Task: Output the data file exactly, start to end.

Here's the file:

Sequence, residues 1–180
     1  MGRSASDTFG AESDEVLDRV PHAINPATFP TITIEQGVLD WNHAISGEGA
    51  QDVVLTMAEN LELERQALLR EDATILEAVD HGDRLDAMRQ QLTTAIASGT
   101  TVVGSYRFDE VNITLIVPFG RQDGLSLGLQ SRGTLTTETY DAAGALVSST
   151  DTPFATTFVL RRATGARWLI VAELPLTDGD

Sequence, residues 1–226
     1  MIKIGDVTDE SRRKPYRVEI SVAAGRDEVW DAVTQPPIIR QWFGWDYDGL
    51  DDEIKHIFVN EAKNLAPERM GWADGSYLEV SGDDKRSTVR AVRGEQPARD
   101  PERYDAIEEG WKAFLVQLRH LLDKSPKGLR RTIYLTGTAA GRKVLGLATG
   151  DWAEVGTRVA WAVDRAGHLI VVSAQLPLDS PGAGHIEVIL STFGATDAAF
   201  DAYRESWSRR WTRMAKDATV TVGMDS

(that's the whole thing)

Sequence, residues 1–180
     1  MGRSASDTFG AESDEVLDRV PHAINPATFP TITIEQGVLD WNHAISGEGA
    51  QDVVLTMAEN LELERQALLR EDATILEAVD HGDRLDAMRQ QLTTAIASGT
   101  TVVGSYRFDE VNITLIVPFG RQDGLSLGLQ SRGTLTTETY DAAGALVSST
   151  DTPFATTFVL RRATGARWLI VAELPLTDGD

Sequence, residues 1–226
     1  MIKIGDVTDE SRRKPYRVEI SVAAGRDEVW DAVTQPPIIR QWFGWDYDGL
    51  DDEIKHIFVN EAKNLAPERM GWADGSYLEV SGDDKRSTVR AVRGEQPARD
   101  PERYDAIEEG WKAFLVQLRH LLDKSPKGLR RTIYLTGTAA GRKVLGLATG
   151  DWAEVGTRVA WAVDRAGHLI VVSAQLPLDS PGAGHIEVIL STFGATDAAF
   201  DAYRESWSRR WTRMAKDATV TVGMDS